- The Washington Times - Friday, April 18, 2003

At a private zoo within the walls of a Baghdad palace owned by one of Saddam Hussein's sons, U.S. troops are feeding hungry lions and bears.
Elsewhere in the city, a zoo was bombed during the war when the Iraqi military used it as an artillery emplacement. Since the toppling of Saddam's regime, looters have made off with some zoo animals.
The scenes reflect critical conditions at Baghdad's zoos, and American animal-welfare groups are moving to help animals in the abandoned facilities, which house everything from cheetahs to camels.
The American Zoo and Aquarium Association (AZA) yesterday announced a plan to collaborate with the North Carolina Zoo and the North Carolina Zoological Society to deploy funds and trained teams to counter critical conditions in public and private zoos in Baghdad.
"Through our network of people in the region, we can assist in getting funds, food and veterinary items into Baghdad," David Jones, director of the North Carolina Zoo, said in a statement.
The North Carolina Zoo agreed to act as a "conduit for funds" as it did in 2001 when it raised $500,000 through public donations for the Kabul Zoo while military forces scoured Afghanistan for the Taliban.
"We've found that a lot of people, whether right or wrong, are more concerned about animals than humans," said Rod Hackney, a North Carolina Zoo spokesman. "There will no doubt be tremendous amounts of humanitarian aid into Baghdad, but we have this special niche to be able to collect funds from those that want to give to animals."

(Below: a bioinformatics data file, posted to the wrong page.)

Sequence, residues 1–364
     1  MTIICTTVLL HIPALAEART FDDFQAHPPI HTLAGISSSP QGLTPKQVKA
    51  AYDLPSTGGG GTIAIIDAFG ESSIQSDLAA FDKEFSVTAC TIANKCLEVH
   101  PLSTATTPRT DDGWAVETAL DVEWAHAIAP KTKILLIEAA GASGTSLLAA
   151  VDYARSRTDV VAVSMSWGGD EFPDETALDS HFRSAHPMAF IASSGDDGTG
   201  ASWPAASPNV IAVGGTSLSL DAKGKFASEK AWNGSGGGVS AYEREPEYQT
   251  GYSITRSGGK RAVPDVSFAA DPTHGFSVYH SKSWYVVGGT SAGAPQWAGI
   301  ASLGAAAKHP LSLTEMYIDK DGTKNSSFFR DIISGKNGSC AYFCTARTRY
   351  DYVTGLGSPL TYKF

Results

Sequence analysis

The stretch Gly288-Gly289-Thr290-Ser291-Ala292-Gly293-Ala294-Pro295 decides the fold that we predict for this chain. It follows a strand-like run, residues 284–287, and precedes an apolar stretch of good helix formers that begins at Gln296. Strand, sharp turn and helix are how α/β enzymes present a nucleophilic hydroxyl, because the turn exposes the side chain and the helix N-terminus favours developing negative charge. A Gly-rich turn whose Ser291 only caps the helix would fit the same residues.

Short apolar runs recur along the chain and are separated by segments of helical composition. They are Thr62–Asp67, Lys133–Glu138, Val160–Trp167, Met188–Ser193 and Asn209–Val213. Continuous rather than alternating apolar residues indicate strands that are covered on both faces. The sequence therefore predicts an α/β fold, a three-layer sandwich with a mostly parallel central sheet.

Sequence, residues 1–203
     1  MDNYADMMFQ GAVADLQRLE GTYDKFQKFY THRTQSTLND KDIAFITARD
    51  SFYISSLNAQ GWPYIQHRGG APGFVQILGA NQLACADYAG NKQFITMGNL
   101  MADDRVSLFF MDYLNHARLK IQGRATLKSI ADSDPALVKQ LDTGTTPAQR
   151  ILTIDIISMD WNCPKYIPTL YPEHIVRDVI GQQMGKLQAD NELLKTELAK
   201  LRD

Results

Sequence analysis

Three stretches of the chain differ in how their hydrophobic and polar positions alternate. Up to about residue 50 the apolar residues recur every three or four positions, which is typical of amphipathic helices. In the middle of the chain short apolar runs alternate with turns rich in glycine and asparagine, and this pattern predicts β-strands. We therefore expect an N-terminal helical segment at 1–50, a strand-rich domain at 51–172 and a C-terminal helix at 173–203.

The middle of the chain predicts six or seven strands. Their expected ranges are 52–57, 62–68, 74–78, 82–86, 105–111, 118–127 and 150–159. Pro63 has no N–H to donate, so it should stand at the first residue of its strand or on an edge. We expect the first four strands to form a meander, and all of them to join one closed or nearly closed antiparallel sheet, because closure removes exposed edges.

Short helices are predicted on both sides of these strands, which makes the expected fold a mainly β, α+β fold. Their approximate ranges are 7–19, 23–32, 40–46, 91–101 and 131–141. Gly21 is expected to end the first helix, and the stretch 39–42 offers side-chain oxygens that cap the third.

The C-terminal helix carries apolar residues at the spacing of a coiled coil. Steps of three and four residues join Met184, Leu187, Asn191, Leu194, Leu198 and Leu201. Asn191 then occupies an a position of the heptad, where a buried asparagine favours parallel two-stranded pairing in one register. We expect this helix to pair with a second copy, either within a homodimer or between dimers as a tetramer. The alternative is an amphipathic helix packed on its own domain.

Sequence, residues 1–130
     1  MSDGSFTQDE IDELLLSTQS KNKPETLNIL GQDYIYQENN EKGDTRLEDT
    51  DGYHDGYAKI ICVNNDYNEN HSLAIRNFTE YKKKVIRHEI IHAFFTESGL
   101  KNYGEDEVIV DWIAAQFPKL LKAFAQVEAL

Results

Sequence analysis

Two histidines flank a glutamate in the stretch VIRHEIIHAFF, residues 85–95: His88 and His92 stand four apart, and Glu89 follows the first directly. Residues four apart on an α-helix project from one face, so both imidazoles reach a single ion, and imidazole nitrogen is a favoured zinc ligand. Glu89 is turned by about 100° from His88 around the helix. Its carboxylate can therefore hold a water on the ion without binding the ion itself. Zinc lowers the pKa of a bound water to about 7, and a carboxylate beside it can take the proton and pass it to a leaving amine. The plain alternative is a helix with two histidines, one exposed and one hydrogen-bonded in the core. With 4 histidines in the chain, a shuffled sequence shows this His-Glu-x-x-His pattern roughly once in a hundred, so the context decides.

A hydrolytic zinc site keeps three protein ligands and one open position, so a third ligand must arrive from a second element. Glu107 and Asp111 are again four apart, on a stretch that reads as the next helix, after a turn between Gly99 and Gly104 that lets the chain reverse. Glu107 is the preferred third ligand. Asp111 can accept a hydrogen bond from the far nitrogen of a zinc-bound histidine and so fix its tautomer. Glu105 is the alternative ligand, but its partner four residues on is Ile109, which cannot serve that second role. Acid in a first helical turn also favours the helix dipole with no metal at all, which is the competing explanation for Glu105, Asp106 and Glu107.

Steps toward an exact plan have been hampered by limited knowledge of the conditions.
"One of the biggest problems we're facing is that, right now, we really don't have a complete assessment of what is left, either in terms of animals and facilities and what is needed," said Jane Ballentine, AZA spokeswoman.
In the absence of veterinary specialists to assess the situation, reports are sketchy at best, said John Walsh, international project advisory director at the World Society for the Protection of Animals. Mr. Walsh has worked for 42 years with animals during times of crisis from Panama to Bosnia-Herzegovina and supervised the animal-welfare project funded by AZA in Kabul.
Mr. Walsh said the information he has received indicates that there are two public zoos in Baghdad, in addition to numerous private collections of exotic animals. The main zoo, El Zawra, had not yet reopened to the public after recent renovations. This facility was "used by the Iraqis as an artillery base" and many of the animals there may have died when the site was bombed.
At a second zoo, Rasafa, many of the animals have died from starvation or disease. Some Iraqis, not limiting their looting to stores and government buildings, took all the "manageable animals" including birds, goats and sheep, Mr. Walsh said.
Once donations are collected and more information is obtained, AZA, in association with zoos across the United States and international animal-welfare organizations, will decide a course of action.
Mr. Walsh suggested moving all the animals from the private collection into the El Zawra facility, sending trained veterinary workers into Baghdad and shipping 50-pound bags of specially designed food for the animals.

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